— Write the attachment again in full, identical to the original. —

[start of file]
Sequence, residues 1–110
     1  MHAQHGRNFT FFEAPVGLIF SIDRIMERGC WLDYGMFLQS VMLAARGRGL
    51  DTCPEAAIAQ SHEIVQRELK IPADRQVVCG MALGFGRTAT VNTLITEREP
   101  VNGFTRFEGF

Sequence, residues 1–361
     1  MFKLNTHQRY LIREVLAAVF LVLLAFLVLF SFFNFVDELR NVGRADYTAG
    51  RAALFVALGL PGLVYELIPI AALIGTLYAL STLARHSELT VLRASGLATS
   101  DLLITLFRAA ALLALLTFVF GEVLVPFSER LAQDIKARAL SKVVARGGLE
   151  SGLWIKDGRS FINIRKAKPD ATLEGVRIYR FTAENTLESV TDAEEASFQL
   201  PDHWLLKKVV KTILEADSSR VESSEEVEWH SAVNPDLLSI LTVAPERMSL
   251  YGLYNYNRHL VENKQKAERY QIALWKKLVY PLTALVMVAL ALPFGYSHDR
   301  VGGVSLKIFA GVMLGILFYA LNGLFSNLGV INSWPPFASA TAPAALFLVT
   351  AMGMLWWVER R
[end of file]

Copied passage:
Sequence, residues 1–110
     1  MHAQHGRNFT FFEAPVGLIF SIDRIMERGC WLDYGMFLQS VMLAARGRGL
    51  DTCPEAAIAQ SHEIVQRELK IPADRQVVCG MALGFGRTAT VNTLITEREP
   101  VNGFTRFEGF

Sequence, residues 1–361
     1  MFKLNTHQRY LIREVLAAVF LVLLAFLVLF SFFNFVDELR NVGRADYTAG
    51  RAALFVALGL PGLVYELIPI AALIGTLYAL STLARHSELT VLRASGLATS
   101  DLLITLFRAA ALLALLTFVF GEVLVPFSER LAQDIKARAL SKVVARGGLE
   151  SGLWIKDGRS FINIRKAKPD ATLEGVRIYR FTAENTLESV TDAEEASFQL
   201  PDHWLLKKVV KTILEADSSR VESSEEVEWH SAVNPDLLSI LTVAPERMSL
   251  YGLYNYNRHL VENKQKAERY QIALWKKLVY PLTALVMVAL ALPFGYSHDR
   301  VGGVSLKIFA GVMLGILFYA LNGLFSNLGV INSWPPFASA TAPAALFLVT
   351  AMGMLWWVER R